Interactively working with data is often arduous. Because setting everything up on the server, especially interactive plots and tables can be difficult; it usually requires bouncing data back-and-forth between the servers and a local laptop. Laptops are often under-powered, so it further requires working with representative subsets of data to try to get a better understanding of the data as a whole.
Tools like BeakerX are easily installed via a GUI interface. BeakerX can create interactive plots and tables against HDFS, Spark, or many databases.
"Usually data is clean and ready to use from the start" - said no data scientist ever.
During the exploration process the data's problems are exposed. There's usually no complete escape from the drudgery of cleaning data. Tools like Openrefine can make data cleansing a little less of a grind. It has an easy to use graphical interface that simplifies complex behind-the-scene tasks.
After the one-off work of discovering the data cleansing and transforming steps, the steps can be automated into a scalable framework using tools like p3-batchrefine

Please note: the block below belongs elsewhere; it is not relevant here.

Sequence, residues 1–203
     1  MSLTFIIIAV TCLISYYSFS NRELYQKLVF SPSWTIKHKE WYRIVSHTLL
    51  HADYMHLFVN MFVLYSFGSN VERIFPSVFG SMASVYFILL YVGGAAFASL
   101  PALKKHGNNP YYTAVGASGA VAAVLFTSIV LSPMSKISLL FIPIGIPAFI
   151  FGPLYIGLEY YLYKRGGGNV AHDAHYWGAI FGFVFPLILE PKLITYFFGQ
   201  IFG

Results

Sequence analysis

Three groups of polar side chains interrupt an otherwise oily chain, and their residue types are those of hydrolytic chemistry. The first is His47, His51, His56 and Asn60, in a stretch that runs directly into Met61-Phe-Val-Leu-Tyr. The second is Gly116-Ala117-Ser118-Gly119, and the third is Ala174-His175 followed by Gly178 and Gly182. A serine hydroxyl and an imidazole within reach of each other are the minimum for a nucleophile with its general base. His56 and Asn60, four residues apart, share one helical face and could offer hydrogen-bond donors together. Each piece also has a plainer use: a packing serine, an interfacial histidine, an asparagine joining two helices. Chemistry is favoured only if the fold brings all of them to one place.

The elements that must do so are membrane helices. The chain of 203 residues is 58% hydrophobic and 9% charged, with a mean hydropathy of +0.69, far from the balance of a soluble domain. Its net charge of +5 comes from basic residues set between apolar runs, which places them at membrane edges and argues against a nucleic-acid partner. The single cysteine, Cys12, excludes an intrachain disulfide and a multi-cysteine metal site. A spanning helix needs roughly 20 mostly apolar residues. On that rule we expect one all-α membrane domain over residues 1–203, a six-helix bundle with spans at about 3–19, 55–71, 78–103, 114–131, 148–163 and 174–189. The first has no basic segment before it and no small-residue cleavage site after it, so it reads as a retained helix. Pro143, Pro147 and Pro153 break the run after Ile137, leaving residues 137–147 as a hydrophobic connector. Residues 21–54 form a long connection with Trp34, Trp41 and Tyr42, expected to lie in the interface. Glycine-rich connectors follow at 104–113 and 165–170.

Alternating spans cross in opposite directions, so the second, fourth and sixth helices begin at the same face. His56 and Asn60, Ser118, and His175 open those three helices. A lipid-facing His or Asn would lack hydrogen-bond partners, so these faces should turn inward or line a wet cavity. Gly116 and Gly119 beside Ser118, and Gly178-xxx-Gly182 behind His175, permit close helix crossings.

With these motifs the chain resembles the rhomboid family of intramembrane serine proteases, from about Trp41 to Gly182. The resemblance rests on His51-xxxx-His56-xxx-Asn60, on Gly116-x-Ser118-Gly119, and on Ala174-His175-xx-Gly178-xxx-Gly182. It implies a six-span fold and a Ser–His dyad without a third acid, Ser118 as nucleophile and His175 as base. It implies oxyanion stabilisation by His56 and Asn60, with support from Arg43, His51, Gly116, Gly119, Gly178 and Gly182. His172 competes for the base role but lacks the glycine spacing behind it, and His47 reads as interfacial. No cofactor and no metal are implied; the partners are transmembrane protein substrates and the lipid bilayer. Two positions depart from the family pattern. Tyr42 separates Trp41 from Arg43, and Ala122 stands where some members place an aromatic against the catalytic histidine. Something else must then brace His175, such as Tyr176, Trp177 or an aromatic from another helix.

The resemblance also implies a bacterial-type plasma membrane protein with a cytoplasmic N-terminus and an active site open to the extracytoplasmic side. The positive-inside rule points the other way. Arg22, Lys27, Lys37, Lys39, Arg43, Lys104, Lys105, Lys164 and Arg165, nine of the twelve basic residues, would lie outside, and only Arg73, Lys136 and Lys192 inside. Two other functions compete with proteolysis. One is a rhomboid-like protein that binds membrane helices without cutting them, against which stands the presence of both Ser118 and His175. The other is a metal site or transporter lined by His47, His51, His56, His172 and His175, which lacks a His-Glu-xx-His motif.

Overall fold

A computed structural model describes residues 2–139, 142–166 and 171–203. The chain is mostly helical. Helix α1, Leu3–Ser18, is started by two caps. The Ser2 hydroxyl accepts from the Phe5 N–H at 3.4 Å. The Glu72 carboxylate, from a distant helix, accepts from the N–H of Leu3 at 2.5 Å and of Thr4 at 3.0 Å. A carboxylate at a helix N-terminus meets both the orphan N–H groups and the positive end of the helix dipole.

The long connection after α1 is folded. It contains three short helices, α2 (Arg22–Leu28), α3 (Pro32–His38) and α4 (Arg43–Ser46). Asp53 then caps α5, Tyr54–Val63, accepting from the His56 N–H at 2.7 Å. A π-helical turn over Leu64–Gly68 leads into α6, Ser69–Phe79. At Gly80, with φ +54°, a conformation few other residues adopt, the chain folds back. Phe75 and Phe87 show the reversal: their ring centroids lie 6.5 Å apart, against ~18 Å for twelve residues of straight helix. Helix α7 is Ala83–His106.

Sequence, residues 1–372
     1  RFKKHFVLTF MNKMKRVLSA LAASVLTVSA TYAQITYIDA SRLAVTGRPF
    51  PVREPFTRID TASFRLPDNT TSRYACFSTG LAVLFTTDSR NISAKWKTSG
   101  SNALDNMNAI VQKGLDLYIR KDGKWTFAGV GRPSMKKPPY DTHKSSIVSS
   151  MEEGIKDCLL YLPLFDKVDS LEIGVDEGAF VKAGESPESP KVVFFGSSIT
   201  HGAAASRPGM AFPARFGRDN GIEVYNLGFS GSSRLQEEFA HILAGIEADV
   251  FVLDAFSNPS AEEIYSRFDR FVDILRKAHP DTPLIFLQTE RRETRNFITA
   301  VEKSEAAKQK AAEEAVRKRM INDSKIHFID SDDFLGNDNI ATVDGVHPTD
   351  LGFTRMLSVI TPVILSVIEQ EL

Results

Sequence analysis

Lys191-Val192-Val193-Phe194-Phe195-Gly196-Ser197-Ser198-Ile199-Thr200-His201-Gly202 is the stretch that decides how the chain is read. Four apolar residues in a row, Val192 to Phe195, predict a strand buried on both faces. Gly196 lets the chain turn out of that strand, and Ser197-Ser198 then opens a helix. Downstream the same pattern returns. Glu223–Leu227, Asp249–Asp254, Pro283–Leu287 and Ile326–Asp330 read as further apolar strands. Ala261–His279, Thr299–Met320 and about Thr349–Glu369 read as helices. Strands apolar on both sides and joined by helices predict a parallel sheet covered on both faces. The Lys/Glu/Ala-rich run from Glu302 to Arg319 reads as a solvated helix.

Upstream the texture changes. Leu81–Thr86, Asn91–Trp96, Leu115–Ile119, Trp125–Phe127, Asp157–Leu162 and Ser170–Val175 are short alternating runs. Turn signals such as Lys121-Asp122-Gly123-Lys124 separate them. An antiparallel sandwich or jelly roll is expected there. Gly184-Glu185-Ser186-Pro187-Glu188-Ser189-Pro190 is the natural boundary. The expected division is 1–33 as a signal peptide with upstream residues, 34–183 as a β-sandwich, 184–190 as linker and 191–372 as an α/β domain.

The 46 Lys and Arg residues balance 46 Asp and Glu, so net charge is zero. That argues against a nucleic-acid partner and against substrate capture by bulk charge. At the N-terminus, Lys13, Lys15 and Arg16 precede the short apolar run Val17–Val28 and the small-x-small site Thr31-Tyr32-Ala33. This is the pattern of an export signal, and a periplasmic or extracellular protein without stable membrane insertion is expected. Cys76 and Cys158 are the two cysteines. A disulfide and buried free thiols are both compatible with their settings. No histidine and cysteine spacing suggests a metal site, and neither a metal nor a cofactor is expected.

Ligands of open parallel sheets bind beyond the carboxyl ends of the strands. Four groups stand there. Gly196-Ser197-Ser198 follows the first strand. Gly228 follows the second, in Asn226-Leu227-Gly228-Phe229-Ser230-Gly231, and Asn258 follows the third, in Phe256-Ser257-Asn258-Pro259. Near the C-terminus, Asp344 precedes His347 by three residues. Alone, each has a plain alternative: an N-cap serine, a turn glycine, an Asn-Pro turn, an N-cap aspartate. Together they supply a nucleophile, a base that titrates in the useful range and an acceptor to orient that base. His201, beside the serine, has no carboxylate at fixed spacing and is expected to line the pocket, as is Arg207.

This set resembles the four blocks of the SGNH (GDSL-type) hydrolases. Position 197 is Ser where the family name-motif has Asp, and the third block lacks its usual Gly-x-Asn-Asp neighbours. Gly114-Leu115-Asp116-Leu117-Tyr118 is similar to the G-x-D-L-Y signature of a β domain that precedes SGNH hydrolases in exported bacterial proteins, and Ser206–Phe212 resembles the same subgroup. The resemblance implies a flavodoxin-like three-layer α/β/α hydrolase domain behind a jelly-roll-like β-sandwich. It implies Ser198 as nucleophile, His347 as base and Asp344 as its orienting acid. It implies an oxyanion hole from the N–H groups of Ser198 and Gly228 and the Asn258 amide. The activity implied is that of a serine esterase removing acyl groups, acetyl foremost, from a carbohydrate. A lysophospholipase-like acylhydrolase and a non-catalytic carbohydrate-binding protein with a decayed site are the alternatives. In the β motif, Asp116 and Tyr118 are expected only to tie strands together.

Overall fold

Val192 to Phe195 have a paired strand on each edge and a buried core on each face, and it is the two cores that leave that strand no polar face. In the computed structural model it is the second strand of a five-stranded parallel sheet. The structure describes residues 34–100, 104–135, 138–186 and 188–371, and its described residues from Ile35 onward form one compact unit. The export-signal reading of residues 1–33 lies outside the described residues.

. This allows the best of both worlds. Ease of manual exploration and automated batch processing.
Predictive Modeling, Machine Learning, and Deep Learning
Fun! There will be many posts regarding different tools and architectures for model training and delivery. The goal here is to demonstrate how different data science platforms can be constructed for different use cases. We'll look at batch vs. real-time API. Specific tools will include:
- Apache MXNet is a lean, flexible, and ultra-scalable deep learning framework that supports state of the art in deep learning models, including convolutional neural networks (CNNs) and long short-term memory networks (LSTMs).